From taco weddings to alternative cakes, itâ€™s no secret that the food at weddings is on another level now than it was 10 years ago. And the latest food trend to take weddings by storm? Honeycomb. Yes, the geometrically shaped phenomenon holdingÂ lifeâ€™s sweetest ingredientÂ isÂ the PERFECT inspo for your nuptials. And this goes way beyond honey-infused recipes. Here are just a few of our favorite ideas.
When it comes to hip restaurants, there are three categories of places to consider: There are top-of-the-line establishments, there are chic celeb-owned restaurants, and â€” the trendiest of the trendy â€” there are pop-ups. Much like mermaid cafes, these restaurants tend to come and go, andÂ they arenâ€™t around for long. And the must-seeÂ pop-up on our list this September isâ€Ś Wait for itâ€Ś A POP-UP PUG CAFE in London.
Trying to eat mostly low-carb recipes, but donâ€™t want to miss out on fun summer events like grill-outs and barbecues? No problem! When it comes to summer fare, arguably the most problematic food youâ€™ll encounter when trying to eat Paleo is the ubiquitous bun. Buns. are. everywhere. But lucky for you, one of the trendiest Paleo-friendly recipes on Pinterest right now is the bunless barbecue bowl.
Muck Rack makes it simple to find people, tweets, or articles that mention any name, keyword, company, hashtag etc. We've compiled this guide to help you make the most of your search.
Selecting a term
Start searching tweets, articles from media outlets, articles mentioned in tweets, journalists'
names, titles and bios with some suggested searches:
Companies or Topics (e.g. iPhone, Microsoft)
Phrases (e.g. "cloud computing") — use quotes to keep the terms together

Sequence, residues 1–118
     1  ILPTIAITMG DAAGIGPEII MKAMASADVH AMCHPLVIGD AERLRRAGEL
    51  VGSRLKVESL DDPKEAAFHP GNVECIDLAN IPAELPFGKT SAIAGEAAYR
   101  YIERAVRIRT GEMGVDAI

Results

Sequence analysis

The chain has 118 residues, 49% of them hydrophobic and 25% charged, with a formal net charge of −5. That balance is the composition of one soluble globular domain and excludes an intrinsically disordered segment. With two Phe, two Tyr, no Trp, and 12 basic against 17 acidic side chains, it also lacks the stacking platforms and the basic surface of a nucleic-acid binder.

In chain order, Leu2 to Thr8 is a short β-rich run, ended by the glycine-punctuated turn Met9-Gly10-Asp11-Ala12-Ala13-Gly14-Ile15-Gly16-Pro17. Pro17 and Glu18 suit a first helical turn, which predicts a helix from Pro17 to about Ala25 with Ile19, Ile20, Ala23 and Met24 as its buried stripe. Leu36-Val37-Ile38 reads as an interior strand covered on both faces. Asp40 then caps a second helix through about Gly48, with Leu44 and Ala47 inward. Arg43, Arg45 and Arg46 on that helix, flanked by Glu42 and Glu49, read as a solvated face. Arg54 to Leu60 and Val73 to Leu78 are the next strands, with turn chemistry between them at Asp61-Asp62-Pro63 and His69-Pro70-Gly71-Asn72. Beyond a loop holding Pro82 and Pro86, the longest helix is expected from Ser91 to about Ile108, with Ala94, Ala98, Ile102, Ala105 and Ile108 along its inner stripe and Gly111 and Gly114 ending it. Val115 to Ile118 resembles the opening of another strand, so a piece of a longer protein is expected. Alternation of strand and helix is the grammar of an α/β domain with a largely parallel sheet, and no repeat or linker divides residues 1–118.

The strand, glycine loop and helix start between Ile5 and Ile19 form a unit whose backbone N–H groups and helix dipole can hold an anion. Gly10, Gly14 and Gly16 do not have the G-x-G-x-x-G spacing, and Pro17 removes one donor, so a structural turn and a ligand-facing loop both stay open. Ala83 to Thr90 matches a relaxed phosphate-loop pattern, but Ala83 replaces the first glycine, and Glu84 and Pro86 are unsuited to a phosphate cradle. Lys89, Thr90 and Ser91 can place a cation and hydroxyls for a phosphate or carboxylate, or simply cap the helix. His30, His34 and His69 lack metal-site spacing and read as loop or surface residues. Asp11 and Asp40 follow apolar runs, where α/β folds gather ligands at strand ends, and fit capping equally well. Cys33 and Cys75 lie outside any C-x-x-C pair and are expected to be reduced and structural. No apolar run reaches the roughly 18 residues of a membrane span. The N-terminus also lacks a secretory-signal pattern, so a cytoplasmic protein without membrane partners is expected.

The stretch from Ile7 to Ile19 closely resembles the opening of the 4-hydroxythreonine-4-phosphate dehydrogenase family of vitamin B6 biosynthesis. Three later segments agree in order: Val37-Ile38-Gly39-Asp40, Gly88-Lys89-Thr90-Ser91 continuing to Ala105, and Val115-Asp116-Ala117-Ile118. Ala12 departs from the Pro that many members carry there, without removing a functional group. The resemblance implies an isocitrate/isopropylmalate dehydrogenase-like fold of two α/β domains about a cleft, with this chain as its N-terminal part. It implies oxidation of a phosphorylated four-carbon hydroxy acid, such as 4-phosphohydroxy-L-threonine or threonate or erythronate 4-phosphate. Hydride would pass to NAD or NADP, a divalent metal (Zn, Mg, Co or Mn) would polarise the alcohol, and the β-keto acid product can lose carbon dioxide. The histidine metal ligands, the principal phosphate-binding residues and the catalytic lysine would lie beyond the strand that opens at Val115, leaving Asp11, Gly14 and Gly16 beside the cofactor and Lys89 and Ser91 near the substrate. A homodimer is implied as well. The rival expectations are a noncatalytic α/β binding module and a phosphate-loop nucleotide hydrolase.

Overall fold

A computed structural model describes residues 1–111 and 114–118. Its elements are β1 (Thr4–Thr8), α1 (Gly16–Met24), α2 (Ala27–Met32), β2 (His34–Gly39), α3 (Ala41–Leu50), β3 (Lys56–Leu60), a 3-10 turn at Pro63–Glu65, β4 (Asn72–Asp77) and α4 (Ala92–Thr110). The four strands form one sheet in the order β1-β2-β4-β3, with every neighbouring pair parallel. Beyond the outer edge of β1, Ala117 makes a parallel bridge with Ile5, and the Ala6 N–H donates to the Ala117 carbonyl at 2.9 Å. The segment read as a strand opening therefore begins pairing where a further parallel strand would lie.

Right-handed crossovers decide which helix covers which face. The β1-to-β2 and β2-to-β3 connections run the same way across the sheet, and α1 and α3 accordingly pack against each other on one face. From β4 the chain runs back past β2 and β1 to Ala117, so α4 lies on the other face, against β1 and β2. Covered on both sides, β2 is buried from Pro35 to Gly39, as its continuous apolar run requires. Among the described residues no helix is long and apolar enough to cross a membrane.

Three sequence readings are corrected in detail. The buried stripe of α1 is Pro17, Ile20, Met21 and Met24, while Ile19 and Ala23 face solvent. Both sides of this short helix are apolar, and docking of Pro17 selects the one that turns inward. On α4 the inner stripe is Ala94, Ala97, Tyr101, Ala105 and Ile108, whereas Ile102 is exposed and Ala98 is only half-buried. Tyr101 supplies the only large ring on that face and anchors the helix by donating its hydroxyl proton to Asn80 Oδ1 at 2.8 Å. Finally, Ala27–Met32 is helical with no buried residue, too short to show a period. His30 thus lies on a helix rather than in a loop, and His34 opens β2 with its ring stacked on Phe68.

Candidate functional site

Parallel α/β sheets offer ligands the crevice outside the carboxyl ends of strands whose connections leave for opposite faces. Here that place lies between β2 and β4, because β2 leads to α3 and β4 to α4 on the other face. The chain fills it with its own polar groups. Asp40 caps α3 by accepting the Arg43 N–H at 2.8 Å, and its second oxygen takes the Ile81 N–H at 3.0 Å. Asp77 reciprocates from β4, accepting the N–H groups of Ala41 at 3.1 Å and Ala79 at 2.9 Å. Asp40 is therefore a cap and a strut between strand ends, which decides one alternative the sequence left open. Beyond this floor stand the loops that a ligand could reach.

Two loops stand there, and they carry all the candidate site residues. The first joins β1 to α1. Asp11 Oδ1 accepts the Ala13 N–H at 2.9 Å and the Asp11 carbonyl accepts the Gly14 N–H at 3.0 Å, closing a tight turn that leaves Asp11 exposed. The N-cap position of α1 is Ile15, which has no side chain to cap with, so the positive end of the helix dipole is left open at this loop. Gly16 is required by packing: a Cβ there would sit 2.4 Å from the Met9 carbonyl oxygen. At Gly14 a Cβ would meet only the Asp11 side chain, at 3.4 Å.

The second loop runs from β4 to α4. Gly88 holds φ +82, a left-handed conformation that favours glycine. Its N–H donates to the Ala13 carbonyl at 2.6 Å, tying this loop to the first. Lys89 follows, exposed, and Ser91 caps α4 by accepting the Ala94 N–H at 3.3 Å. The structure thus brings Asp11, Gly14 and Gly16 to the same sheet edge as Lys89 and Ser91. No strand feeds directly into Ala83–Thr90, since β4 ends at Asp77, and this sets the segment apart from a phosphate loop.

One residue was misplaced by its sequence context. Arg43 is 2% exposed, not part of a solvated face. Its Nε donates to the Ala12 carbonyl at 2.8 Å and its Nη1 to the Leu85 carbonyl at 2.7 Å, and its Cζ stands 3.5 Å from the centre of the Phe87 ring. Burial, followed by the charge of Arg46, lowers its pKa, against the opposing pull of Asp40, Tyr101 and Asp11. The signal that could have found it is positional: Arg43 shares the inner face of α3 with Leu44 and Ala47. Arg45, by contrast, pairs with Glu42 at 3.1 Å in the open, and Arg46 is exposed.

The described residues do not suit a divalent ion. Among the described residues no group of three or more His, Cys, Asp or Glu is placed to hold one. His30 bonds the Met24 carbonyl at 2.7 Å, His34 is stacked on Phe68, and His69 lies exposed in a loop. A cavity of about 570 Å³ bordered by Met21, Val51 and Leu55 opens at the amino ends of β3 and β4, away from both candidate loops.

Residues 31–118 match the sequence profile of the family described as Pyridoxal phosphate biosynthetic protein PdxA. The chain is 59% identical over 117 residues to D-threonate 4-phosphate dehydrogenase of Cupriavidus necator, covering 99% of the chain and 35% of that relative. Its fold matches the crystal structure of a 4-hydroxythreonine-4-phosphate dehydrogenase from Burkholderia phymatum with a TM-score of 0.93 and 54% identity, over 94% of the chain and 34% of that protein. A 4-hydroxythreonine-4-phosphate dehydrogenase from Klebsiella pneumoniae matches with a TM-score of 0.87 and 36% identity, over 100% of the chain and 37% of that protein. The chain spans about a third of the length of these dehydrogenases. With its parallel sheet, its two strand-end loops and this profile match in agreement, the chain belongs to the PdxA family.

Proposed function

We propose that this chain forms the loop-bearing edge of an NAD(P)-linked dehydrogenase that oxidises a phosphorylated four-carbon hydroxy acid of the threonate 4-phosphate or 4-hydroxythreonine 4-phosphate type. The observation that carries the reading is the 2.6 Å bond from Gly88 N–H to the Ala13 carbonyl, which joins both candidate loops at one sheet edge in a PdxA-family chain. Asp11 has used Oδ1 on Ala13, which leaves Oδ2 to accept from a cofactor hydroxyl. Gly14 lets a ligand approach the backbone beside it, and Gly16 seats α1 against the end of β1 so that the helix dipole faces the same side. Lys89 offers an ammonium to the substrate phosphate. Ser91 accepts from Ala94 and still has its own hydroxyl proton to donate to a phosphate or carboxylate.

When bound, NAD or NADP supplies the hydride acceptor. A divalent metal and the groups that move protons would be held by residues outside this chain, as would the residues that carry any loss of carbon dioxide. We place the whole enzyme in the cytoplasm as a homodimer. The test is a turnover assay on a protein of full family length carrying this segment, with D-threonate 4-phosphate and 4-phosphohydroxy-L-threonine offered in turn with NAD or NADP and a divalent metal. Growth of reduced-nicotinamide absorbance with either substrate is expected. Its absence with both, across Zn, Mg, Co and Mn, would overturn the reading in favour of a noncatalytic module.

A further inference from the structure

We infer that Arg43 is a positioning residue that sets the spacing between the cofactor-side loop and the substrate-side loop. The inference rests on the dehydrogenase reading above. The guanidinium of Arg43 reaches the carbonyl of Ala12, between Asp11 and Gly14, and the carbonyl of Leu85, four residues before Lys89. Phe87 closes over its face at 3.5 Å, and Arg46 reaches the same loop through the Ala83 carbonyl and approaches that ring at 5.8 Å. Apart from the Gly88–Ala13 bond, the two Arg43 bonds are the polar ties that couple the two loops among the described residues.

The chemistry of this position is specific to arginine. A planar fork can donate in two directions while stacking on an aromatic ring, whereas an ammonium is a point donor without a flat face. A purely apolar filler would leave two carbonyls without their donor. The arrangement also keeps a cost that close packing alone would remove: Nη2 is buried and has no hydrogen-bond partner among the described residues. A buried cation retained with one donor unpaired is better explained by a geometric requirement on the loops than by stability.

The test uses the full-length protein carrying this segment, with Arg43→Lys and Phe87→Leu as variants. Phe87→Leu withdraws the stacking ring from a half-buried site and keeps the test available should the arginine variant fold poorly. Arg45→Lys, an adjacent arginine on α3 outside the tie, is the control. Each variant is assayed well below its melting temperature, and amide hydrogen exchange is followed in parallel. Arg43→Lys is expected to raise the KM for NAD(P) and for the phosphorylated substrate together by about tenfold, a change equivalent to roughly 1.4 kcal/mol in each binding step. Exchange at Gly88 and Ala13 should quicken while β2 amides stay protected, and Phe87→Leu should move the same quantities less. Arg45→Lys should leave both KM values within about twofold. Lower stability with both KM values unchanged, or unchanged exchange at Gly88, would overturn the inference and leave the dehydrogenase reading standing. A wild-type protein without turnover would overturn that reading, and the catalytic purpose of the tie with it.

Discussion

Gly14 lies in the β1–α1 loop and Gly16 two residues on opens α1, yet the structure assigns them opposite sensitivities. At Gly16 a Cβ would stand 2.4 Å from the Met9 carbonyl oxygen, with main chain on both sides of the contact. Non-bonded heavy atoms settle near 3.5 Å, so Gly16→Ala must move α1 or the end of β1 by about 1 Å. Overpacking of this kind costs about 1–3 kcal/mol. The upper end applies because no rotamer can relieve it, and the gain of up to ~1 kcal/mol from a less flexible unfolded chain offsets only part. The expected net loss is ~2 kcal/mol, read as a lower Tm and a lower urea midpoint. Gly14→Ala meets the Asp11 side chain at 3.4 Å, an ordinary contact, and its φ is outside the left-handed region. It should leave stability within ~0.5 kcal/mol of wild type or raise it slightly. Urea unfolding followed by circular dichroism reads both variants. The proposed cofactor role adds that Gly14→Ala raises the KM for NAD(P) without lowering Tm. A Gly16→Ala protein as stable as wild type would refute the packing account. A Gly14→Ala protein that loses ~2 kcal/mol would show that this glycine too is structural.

Twitter handles (e.g. @username) — returns those who have mentioned or replied to
Names (e.g. "David Pogue")
Hashtags (e.g. #sxsw, #london2012)
Bio details (e.g. vegan, Olympics, father)
Muck Rack's Advanced Search allows for many boolean operators.
Find results that mention multiple specified terms, use AND or
+. For example, ensure each result contains both Elon Musk and Mark Zuckerberg by
searching Obama AND Romney or Obama + Romney.
Use the operators OR or , to broaden your search when you'd like either of
multiple terms to appear in results. (This is the default behavior of our search when no operators
are used.) For example, search for democrat OR republican to find results that refer to
Democrats and/or Republicans.
Use NOT or - to subtract results from your search. For
example, searching Disney will yield results about the Walt Disney Company as well as Walt Disney
World Resort. To exclude mentions of Disney World, search for Disney -World or Disney
When using one of these operators with a phrase, enclose it in quotation marks. For example, you can
find results about smartphones excluding Apple's iPhone 4S by searching smartphone -"iPhone
Exact case matching or punctuation
If you're searching for a brand name or keyword that relies on specific punctuation marks or capitalization, you can
find results that match your exact query by adding matchcase: before the keyword you're searching for, like matchcase:E*TRADE .
Use parentheses to separate multiple
boolean phrases. For example, to find journalists talking about having fun in Disney World or
Disneyland, search for ("disney world" OR disneyland) AND fun.
An asterisk can be used to search for any variation of a root word truncated by the asterisk. For example, searching for admin* will return results for administrator, administration, administer, administered, etc.
A near operator is an AND operator where you can control the distance between the words. You can vary the distance the near operation uses by adding a forward slash and number (between 0-99) such as strawberries NEAR/10 "whipped cream", which means the strawberries must exist within 10 words of "whipped cream".